ArtBookGuy
  Art For All People®    Real Talk About Contemporary Art    May 2017
HOW ARTISTS CONFUSE PEOPLE

First off, let me just say that most online artists have no clue that they're confusing people.

Why? 

Because most people who take precious time out of their lives to even glance at art don't hang around long enough to try to figure it out.  They're certainly not going to email the artists for an explanation.  They don't care enough to do that.  Why should they?

Artists, you should be thanking me ... Because I DO hang around long enough and I DO care. Before I proceed, let me just say that I'm not talking about art exhibitions in galleries or museums.  I'm talking about artist websites and social media pages. 

I thought I'd write this real quick because just a few minutes ago, it happened to me yet again and while it frustrates me, the truth is that most people - as I said - don't even care enough to even get frustrated.  They simply move on. 

What am I talking about?  Confusing websites and social media pages.

They always make me ask:

1. Is this person an artist?  I see art photos here, but is it THEIR work?  It's not properly labeled.

2. Does this artist (I guess?) have a personal website?  I don't see a website address listed anywhere. 

3. On their personal website, is this person's work for sale or do they just want you to look at their work?  I'm not sure.  

4. How can I contact this person?  I don't see any contact information.  Is it okay to contact them?  Artists, why not create a specific email address purely for the purpose of receiving online inquiries?  It's a good security and organizational move. I've done this and it works great.  Also, is it okay for people to contact you?  Many people are afraid of art and artists and they need to know that it's okay for them to reach out.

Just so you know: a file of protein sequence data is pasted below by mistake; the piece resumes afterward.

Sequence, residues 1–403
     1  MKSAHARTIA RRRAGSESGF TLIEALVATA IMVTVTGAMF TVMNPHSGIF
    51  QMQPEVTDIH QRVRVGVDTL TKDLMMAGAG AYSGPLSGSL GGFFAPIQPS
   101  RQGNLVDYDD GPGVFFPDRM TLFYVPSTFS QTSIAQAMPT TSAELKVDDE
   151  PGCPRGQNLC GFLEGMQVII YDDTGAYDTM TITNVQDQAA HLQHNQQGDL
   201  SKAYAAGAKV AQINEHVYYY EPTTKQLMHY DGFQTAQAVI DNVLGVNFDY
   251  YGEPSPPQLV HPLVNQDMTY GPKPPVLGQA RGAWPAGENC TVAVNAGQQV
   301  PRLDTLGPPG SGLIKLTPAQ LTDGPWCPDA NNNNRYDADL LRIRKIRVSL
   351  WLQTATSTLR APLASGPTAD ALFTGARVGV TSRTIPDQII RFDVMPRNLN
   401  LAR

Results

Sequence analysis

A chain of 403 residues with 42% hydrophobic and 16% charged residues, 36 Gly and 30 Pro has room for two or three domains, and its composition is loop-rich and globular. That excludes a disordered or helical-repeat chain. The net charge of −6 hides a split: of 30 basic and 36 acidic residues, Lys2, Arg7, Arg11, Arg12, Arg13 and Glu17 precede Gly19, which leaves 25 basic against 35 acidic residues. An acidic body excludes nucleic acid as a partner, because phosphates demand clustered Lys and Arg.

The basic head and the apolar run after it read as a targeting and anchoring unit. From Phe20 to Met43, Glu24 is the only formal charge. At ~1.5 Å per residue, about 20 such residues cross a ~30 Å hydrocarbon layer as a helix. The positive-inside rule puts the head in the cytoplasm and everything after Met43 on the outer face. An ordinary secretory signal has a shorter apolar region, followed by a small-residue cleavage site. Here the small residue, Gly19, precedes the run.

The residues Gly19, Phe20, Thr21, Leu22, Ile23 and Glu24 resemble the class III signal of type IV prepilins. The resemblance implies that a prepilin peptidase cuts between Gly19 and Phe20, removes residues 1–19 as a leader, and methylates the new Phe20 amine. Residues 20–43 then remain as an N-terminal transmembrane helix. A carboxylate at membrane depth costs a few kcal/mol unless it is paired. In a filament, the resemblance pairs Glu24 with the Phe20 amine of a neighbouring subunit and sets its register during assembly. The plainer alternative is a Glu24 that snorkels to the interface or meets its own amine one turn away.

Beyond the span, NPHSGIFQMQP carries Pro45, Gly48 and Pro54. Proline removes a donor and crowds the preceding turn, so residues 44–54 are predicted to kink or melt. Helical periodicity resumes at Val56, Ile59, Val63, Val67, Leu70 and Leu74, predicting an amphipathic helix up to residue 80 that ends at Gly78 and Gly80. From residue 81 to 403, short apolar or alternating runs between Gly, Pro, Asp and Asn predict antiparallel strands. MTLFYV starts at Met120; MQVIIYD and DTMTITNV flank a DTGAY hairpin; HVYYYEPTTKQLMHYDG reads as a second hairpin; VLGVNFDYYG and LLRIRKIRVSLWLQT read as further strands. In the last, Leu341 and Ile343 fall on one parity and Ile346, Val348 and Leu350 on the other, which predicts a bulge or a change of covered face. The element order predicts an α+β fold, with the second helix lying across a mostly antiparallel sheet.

5. What's with all of the photos of flying cats, dancing bears and knife collections?  BIG turnoffs.  What does this have to do with their art?  My answer?  Nothing.  Nix those things.  Be a professional.  If you want to be taken seriously as a professional, it's best to only post things that are related to your work and advance you as an professional artist in the minds of visitors.

Artists, I cannot stress to you how many potential sales you've probably LOST due to those questions (confusion) about your websites and social media pages.  Once again, most people who visit your sites will probably only ask these questions subconsciously and they'll bail from your site literally in seconds.  You've got 10 seconds TOPS to hold their attention or they're outta there.  First impressions online are even more important than first impressions in person because it's much easier to abandon a website than someone in person.  If you're trying to sell your work online, don't you want people to spend as much time on your website as possible?

With me, you've got more time because I'm always seeking new artists to interview, but even I bail after about one minute ... if I don't immediately see the information I need. 

Here's a final thought.  When I visit artist websites or social media pages that don't immediately reveal what they should and/or show what they shouldn't, I usually assume the artist just doesn't care ... so why should I?  I bail.

Yet again, this has nothing to do with the art itself or whether or not the artist is represented by a gallery.  This is total common sense when it comes to marketing yourself.  You don't have to Albert Einstein to be a decent marketer, but it is a good idea to give prospective buyers a little information so they can assume you care.

 

 


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